With Emacs, or any scriptable text editor, you just write a few lines of code and run it (even without saving a file), and the code actually alters the state of the editor itself. While you could write an entire app, like a Matrix or Mastodon client, as you would like a VSCode or Geany extension, you can also easily write a few lines of code to do any random thing at all. You can write code to suit any workflow imaginable, no matter how ridiculous: code that changes the color theme of the whole editor at certain times of the day, or code that opens certain kinds of files always in 3 separate windows, each window scrolled to a particular section of the file. You can run processes or alter the filesystem or transform entire batches of files in response to any event.

          And you can do all of this without compiling or installing extensions of any kind, and often with no more than a dozen lines of code. There are no limitations. This is what I consider to be “easily customizable.”

        • @seitanic@lemmy.sdf.org
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          6 months ago

          Geany would need to have support for VSX. That could happen, but I’m sure that it wouldn’t be a small project.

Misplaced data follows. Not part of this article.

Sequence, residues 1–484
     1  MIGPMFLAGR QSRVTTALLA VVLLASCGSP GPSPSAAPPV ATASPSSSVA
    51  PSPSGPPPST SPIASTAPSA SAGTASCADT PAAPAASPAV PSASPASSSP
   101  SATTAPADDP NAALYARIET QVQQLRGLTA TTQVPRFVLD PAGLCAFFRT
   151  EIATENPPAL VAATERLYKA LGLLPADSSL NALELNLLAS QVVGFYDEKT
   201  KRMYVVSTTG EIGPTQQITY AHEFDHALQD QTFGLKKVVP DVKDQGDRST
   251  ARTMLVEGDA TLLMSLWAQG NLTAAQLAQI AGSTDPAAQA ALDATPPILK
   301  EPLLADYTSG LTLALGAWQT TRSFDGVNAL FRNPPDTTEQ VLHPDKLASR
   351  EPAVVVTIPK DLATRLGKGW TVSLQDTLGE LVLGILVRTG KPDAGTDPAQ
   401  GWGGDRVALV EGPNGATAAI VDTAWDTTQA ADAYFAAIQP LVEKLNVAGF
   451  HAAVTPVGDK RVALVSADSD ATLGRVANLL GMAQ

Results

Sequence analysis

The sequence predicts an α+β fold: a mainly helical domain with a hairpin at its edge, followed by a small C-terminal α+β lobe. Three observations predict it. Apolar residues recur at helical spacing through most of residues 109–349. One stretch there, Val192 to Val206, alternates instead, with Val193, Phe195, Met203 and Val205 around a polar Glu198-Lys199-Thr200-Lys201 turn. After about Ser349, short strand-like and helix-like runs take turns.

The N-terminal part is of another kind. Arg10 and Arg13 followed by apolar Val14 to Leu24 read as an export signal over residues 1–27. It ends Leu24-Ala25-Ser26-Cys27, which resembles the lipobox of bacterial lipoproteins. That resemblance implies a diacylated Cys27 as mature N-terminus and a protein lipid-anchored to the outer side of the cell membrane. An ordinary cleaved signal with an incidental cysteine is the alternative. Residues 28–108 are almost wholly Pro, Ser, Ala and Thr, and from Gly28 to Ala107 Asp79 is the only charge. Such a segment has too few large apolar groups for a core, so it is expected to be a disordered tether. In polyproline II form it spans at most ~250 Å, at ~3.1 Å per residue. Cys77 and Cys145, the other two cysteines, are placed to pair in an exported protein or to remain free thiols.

• @ganymede@lemmy.ml
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      6 months ago

      not customizable

      themes, plugins, ridiculously easy custom configurations/build commands etc you can even control the window manager from config files if you want to, its insanely customisable

      lacks support for a lot of things

      edit: trying to sound less snarky, but do you have a lot of examples?

      i could see these criticisms arising from a quick glance. or we may have slightly different definitions of these terms. which is fair enough.

      imo geany’s ratio of features to weight is remarkable, perhaps singularly so?

      • daddyjones
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        26 months ago

        Based on about 20 minutes of searching last night - it seems to lack support for debugging outside of gdb.

        That’s quite a major thing to not have if you’re going to claim support for lots of languages…

        • @ganymede@lemmy.ml